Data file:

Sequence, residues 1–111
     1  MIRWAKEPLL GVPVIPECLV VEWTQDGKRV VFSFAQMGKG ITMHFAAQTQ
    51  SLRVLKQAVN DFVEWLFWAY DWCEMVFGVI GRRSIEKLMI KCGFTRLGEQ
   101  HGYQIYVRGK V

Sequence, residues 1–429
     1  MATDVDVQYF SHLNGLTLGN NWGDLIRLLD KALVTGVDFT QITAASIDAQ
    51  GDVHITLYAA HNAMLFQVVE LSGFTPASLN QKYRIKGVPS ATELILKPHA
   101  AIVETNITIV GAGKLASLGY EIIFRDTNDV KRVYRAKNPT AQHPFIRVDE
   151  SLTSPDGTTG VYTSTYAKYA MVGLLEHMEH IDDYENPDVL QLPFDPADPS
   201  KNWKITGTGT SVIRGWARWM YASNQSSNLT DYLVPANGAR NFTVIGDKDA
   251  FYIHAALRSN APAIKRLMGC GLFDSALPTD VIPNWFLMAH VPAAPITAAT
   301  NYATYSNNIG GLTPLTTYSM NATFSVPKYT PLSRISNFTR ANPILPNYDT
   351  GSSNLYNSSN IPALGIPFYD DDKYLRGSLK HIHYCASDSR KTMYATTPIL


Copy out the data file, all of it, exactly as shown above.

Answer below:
Sequence, residues 1–111
     1  MIRWAKEPLL GVPVIPECLV VEWTQDGKRV VFSFAQMGKG ITMHFAAQTQ
    51  SLRVLKQAVN DFVEWLFWAY DWCEMVFGVI GRRSIEKLMI KCGFTRLGEQ
   101  HGYQIYVRGK V

Sequence, residues 1–429
     1  MATDVDVQYF SHLNGLTLGN NWGDLIRLLD KALVTGVDFT QITAASIDAQ
    51  GDVHITLYAA HNAMLFQVVE LSGFTPASLN QKYRIKGVPS ATELILKPHA
   101  AIVETNITIV GAGKLASLGY EIIFRDTNDV KRVYRAKNPT AQHPFIRVDE
   151  SLTSPDGTTG VYTSTYAKYA MVGLLEHMEH IDDYENPDVL QLPFDPADPS
   201  KNWKITGTGT SVIRGWARWM YASNQSSNLT DYLVPANGAR NFTVIGDKDA
   251  FYIHAALRSN APAIKRLMGC GLFDSALPTD VIPNWFLMAH VPAAPITAAT
   301  NYATYSNNIG GLTPLTTYSM NATFSVPKYT PLSRISNFTR ANPILPNYDT
   351  GSSNLYNSSN IPALGIPFYD DDKYLRGSLK HIHYCASDSR KTMYATTPIL